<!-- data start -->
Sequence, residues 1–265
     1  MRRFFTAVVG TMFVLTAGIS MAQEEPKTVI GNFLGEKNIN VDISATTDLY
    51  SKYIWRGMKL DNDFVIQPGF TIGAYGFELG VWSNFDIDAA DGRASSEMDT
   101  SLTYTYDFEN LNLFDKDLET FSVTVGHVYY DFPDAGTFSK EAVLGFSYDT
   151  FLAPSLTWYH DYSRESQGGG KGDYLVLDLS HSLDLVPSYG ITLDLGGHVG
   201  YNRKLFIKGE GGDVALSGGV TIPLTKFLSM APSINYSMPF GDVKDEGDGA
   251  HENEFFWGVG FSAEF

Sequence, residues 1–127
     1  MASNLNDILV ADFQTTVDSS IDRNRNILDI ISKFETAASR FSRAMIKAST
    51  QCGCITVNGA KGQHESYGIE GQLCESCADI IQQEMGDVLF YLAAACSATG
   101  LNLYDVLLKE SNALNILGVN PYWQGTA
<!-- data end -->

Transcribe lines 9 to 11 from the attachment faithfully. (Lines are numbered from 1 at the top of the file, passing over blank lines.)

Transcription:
     1  MASNLNDILV ADFQTTVDSS IDRNRNILDI ISKFETAASR FSRAMIKAST
    51  QCGCITVNGA KGQHESYGIE GQLCESCADI IQQEMGDVLF YLAAACSATG
   101  LNLYDVLLKE SNALNILGVN PYWQGTA